Let me just illustrate why this is unusual. Smaller fibreglass hulls, like that of the Zeelander 5, are typically wet moulded in female moulds, which have themselves been built over an exactly milled male plug. This technique allows extraordinary control over the final shape of the hull, built up in layers of fibre and resin over an initial coat of hard, shiny gel coat. In other words, the hulls that emerge from a well-made mould are practically perfect.

With half of Zeelander’s yachts sold in the US, this is a brand with deep appeal stateside.

But not, it seems, perfect enough for Zeelander. By applying fairing compound to every curved surface of the hull, the yard says it can achieve an even better finish; one that is practically distortion-free by the time it is painted. “We want to give superyacht builders something to think about,” says Koopmans levelly. “It took 24,000 man-hours to build the first Zeelander 5 – it really is a mini superyacht."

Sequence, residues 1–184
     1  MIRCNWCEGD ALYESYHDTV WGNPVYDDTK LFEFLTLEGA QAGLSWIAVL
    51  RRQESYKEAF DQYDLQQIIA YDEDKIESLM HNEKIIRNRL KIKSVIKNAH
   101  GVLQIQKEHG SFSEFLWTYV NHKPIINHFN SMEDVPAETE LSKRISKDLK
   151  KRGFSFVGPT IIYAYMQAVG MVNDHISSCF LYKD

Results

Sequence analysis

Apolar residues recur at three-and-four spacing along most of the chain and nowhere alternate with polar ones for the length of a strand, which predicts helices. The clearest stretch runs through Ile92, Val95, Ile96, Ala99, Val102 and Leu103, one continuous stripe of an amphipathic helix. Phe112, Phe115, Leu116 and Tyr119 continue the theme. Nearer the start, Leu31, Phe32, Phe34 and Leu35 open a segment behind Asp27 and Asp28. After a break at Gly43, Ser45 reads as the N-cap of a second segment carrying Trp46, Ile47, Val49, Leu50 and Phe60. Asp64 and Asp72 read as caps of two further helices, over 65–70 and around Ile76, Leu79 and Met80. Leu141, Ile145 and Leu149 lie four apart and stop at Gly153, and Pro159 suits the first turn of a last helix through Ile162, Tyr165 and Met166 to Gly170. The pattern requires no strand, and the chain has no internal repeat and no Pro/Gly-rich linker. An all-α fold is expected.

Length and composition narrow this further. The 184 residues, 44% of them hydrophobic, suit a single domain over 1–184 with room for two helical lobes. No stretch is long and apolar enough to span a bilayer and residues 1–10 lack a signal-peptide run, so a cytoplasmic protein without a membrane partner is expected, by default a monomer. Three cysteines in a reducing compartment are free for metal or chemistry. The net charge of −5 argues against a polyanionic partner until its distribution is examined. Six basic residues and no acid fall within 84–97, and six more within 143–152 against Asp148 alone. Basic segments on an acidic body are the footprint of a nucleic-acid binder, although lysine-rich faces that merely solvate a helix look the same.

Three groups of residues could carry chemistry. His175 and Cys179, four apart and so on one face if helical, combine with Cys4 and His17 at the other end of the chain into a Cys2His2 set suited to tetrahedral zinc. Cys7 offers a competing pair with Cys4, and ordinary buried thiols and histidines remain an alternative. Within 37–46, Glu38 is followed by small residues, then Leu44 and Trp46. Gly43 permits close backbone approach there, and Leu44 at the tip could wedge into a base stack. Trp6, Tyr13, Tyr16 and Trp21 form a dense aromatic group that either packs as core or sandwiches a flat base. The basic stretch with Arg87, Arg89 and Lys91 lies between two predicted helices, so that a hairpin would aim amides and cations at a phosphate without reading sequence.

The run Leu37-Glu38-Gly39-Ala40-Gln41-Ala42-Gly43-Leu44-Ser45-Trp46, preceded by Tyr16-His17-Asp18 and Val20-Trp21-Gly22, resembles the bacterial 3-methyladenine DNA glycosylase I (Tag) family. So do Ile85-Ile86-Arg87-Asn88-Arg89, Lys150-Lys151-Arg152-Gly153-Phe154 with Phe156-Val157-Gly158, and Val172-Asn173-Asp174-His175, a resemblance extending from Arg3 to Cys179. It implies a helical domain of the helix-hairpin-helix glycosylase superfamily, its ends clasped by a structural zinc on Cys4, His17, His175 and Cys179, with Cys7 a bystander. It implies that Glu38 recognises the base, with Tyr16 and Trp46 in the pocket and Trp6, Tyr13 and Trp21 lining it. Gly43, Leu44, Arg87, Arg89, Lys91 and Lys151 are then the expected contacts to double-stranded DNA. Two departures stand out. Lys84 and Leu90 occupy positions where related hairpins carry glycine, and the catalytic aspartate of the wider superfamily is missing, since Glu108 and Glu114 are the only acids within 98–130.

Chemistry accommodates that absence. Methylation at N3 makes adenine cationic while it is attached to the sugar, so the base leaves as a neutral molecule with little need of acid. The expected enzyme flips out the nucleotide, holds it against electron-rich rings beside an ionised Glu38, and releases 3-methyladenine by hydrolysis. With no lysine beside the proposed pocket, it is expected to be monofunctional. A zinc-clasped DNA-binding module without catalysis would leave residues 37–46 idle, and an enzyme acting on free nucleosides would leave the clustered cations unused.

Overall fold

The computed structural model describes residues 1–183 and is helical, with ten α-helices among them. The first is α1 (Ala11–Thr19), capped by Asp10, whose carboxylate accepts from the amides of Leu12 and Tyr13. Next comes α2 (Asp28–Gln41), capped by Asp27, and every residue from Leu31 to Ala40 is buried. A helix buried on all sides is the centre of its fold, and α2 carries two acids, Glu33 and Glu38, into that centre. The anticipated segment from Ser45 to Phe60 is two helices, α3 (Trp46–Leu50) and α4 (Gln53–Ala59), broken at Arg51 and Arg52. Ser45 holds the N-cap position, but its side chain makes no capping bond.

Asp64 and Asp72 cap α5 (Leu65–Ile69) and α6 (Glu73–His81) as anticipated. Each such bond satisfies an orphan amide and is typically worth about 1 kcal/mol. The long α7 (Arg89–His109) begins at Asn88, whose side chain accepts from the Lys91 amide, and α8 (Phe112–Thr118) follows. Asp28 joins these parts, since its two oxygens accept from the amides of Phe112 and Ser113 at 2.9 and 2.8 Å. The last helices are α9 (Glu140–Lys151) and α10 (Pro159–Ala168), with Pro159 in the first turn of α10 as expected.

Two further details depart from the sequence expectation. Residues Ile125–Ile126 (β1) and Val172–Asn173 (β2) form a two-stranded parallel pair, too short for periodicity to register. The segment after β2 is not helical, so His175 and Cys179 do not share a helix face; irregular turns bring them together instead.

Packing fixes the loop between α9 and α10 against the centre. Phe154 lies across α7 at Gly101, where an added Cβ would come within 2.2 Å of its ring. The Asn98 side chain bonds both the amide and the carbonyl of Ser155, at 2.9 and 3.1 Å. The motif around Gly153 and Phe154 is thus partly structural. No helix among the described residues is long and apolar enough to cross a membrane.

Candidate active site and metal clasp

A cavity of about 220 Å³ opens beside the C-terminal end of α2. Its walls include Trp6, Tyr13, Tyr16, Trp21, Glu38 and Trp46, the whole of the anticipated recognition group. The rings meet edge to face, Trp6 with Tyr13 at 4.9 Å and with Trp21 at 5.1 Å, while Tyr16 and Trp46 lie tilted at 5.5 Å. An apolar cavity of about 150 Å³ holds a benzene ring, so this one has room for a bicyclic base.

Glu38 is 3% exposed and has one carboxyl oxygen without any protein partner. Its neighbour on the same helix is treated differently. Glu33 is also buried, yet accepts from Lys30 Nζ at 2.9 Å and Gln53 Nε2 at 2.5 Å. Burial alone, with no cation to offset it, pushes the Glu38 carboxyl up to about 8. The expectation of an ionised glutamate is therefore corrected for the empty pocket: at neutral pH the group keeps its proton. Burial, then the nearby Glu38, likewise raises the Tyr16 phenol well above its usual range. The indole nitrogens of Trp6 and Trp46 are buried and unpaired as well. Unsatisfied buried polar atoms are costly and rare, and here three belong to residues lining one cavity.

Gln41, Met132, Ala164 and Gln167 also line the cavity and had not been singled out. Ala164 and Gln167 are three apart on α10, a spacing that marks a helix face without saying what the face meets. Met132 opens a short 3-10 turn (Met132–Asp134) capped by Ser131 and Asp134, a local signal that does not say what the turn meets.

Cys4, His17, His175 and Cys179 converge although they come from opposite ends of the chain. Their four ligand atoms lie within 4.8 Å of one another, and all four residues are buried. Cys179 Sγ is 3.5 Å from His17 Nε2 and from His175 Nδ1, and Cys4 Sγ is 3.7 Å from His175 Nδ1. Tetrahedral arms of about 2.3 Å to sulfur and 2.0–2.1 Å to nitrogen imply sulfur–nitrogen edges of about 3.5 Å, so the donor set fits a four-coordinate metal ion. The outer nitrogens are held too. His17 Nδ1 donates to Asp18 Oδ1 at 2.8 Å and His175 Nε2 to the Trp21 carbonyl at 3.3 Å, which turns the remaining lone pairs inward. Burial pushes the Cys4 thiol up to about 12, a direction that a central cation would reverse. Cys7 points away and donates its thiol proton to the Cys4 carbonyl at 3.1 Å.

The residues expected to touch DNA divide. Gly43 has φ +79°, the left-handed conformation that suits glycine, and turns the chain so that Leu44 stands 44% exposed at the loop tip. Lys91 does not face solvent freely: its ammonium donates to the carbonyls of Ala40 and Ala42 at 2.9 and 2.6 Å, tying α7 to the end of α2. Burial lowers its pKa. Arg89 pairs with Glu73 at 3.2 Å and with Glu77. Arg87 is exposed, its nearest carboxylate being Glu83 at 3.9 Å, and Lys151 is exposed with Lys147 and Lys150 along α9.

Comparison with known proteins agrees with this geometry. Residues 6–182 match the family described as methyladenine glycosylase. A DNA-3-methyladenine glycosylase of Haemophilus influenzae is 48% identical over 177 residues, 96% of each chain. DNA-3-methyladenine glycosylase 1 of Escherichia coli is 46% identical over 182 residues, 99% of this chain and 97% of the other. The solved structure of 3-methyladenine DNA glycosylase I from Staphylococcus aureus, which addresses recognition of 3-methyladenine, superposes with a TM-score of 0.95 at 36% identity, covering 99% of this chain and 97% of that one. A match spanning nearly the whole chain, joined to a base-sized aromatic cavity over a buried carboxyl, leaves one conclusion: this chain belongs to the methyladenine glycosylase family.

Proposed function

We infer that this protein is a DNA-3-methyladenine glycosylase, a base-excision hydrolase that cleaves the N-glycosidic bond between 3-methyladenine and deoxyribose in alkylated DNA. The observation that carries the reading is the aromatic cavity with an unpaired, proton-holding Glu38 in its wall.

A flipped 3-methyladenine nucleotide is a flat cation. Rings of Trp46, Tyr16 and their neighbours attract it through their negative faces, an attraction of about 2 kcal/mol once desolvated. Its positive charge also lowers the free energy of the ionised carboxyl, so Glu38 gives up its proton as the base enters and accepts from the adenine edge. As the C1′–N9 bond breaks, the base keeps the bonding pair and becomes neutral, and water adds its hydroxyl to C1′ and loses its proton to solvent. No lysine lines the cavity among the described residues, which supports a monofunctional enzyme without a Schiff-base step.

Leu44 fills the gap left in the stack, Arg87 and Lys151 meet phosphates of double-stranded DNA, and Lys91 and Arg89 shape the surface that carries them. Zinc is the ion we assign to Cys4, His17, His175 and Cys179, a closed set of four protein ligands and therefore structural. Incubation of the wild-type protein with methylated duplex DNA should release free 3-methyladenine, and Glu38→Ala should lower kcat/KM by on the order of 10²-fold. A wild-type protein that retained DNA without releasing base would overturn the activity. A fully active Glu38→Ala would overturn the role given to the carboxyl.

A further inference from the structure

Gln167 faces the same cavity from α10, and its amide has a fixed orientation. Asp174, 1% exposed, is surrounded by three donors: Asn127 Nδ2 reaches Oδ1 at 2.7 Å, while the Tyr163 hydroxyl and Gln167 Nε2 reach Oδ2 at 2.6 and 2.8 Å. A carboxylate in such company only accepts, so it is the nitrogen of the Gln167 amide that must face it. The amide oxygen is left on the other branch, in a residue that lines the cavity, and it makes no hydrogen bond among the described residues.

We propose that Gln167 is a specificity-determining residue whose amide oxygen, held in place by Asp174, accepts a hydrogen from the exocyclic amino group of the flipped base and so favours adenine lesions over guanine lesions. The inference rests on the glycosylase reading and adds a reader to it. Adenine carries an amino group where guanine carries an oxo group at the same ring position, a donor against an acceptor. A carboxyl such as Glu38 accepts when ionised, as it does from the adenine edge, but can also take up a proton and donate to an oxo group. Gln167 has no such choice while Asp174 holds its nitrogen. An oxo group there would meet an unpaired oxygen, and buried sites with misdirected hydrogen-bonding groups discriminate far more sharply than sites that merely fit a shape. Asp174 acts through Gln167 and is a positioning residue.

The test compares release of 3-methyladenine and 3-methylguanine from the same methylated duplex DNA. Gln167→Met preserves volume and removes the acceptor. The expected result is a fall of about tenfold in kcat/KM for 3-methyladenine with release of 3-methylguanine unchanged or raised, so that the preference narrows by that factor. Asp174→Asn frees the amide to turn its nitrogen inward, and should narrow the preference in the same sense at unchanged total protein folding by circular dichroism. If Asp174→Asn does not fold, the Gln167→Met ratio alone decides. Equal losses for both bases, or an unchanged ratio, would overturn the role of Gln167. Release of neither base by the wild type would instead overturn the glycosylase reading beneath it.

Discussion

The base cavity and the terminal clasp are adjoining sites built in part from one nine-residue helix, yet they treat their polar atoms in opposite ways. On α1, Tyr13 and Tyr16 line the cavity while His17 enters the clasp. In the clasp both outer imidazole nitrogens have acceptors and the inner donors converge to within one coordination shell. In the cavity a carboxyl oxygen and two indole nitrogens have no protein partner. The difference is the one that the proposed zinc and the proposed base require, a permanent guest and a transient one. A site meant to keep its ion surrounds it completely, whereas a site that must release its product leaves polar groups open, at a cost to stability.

“Look at this cleat,” he urges, pointing to one of the numerous pieces of spotless deck furniture made of matching oval-profile stainless steel. “You have to crush the tubing, then weld on the tips. It costs €3,000 to make this, where any other brand would just bolt on a readymade one. But otherwise, it wouldn’t be a Zeelander.”

It is a story that is repeated throughout the boat, from the imposing headlight-studded stem fitting to the gorgeous, smoky leather floor tiles below. Everything is art, finished to a much higher standard than the norm. And because of this, it is perhaps harder to critique the minor eccentricities of the boat. After all, who would have raised their hand to set Picasso straight? Well, let me have a go...